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Hrušov quarter, Ostrava, Czech Republic

3 April 1999

Ostrava is an industrial town which has been hard-hit by the shift away from heavy industry in the Czech Republic, especially since the changes of 1989. Community relations in Ostrava are bad and anti-Romani sentiment high. In 1997, following a speech by extreme right-wing leader Miroslav Sládek, hundreds of skinheads from around the Czech Republic roamed the streets taunting and beating Roma. At the time of the ERRC visit in early 1999, one of the two leading regional daily newspapers ran a front page headline on Roma and drugs - the article went on to make the slanderous assertion that "half to two thirds of the Romani community of Ostrava are affected by heroin use".

The Hrušov quarter of Ostrava has been the site of ghettoising attempts since the 1970s, when local mayors from all of the neighbourhoods of Ostrava reached an agreement that Hrušov, one of Ostrava's poorest neighbourhoods, would house Roma. Into the 1980s, mayors co-ordinated activity so that for every Romani family allocated a flat in Hrušov, flats would be provided to two non-Romani families from Hrušov to enable them to move elsewhere. The neighbourhood was widely held to be an ecological disaster, since local mining had caused the ground to subside by seven metres in thirty years. The mayors were able to agree on a program which would leave the area little more than an undeveloped ghetto.

In the late 1980s, the city built a highway bridge over Hrušov and in conjunction with this project, shut down the school, kindergarten and a number of other public facilities. From that point on, children from the area began attending schools outside Hrušov - the Koblov basic school in Liščina or, in the case of a great number of the Romani children of Hrušov, the Na Vizinĕ special school, a school for mentally handicapped children.

In Summer 1997, heavy rains caused the Ostravice river to burst its banks, creating the largest humanitarian catastrophe in the country in recent history. Hrušov was among the hardest hit neighbourhoods. The flooding of the summer of 1997 brought water up to levels as high as the ceilings of some first floor flats for over a week. Most residents fled, although at least one Rom, Mr Ladislav Bihári, remained in an upper story flat living on rice and flour. He told the ERRC that he witnessed police looting flats during the period when high water made access to the area possible only by boat.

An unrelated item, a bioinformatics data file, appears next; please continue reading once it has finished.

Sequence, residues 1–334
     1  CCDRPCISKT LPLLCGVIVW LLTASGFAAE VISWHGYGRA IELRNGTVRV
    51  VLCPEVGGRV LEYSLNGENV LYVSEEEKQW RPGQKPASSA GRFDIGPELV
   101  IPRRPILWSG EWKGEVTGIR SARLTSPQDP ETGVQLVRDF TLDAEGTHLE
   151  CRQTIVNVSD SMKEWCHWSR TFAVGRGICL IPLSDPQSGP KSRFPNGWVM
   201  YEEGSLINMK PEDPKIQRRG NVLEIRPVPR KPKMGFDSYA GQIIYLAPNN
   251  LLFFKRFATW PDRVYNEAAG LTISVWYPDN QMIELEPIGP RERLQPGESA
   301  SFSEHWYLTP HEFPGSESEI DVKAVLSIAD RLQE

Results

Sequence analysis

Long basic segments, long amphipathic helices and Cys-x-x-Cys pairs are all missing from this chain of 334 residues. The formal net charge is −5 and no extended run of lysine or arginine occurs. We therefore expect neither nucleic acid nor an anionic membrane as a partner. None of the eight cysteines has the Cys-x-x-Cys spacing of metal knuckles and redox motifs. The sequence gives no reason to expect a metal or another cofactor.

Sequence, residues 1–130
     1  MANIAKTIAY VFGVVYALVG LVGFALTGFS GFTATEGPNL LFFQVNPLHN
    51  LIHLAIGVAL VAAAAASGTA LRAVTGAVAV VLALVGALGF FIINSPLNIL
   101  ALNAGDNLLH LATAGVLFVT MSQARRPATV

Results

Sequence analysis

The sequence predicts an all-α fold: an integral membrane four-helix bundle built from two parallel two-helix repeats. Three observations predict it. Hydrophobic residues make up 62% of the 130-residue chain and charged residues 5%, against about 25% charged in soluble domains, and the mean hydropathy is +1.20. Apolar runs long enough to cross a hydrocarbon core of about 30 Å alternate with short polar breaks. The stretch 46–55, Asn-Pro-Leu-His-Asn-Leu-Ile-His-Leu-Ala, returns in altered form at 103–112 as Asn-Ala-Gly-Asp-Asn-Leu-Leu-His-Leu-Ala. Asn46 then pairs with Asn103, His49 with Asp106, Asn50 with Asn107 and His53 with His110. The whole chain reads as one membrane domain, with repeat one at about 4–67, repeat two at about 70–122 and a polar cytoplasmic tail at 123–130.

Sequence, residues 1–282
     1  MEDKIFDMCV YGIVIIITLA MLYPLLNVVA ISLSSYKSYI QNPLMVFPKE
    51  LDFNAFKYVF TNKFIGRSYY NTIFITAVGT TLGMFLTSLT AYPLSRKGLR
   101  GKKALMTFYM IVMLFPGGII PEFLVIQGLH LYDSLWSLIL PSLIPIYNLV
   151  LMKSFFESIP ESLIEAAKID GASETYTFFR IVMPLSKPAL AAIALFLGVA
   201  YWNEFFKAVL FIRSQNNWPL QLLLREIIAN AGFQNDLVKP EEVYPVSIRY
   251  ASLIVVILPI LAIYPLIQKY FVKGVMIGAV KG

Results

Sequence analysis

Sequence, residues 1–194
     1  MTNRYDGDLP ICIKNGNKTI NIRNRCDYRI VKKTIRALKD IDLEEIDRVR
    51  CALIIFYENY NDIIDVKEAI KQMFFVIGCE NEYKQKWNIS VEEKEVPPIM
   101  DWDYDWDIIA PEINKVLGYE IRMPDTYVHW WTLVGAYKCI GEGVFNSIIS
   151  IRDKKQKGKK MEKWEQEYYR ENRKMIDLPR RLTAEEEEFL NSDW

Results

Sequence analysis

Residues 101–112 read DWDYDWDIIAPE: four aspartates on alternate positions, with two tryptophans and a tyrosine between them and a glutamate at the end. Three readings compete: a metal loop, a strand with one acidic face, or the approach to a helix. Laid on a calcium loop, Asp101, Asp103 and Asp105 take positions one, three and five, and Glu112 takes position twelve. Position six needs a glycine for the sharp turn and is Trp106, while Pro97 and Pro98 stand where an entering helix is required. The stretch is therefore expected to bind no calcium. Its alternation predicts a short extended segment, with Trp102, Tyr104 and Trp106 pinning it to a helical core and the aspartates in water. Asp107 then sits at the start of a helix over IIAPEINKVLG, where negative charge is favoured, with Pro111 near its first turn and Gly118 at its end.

There has been a stop on public works projects in Hrušov since shortly after the floods, and according to a decree of the city, by the end of 1999, all persons presently living in the neighbourhood should move out. This project does not appear feasible; at least thirty families totalling some 130 individuals, many of whom have returned to Hrušov from Canada and Britain, either voluntarily or because they were refused asylum, have moved back into flats in the gutted and unstable buildings.

Some people are moving out. The neighbourhood Ostrava-Jih in the southern part of Ostrava recently allocated sixty flats in a new housing settlement to families and individuals from Hrušov. According to locals, there were many Romani families in the lists of applicants for the new flats. However, the Ostrava-Jih municipality reserved the right to review and approve families and persons with recognisably Romani names reportedly did not receive flats. Roma in Hrušov did not know of anyone who had received a flat in Ostrava-Jih recently. The ERRC observed that there is at least one new pub in Hrušov and local Roma are confident enough that at this time next year they will still be there.

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ERRC submission to UN HRC on Hungary (February 2018)

14 February 2018

Written Comments of the European Roma Rights Centre concerning Hungary to the UN Human Rights Committee for consideration at its 122nd session (12 Narch - 6 April 2018).

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The Fragility of Professional Competence: A Preliminary Account of Child Protection Practice with Romani and Traveller Children in England

24 January 2018

Romani and Traveller children in England are much more likely to be taken into state care than the majority population, and the numbers are rising. Between 2009 and 2016 the number of Irish Travellers in care has risen by 400% and the number of Romani children has risen 933%. The increases are not consistent with national trends, and when compared to population data, suggest that Romani and Traveller children living in the UK could be 3 times more likely be taken into public care than any other child. 

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Families Divided: Romani and Egyptian Children in Albanian Institutions

21 November 2017

There’s a high percentage of Romani and Egyptian children in children’s homes in Albania – a disproportionate number. These children are often put into institutions because of poverty, and then find it impossible ever to return to their families. Because of centuries of discrimination Roma and Egyptians in Albania are less likely to live in adequate housing, less likely to be employed and more likely to feel the effects of extreme poverty.

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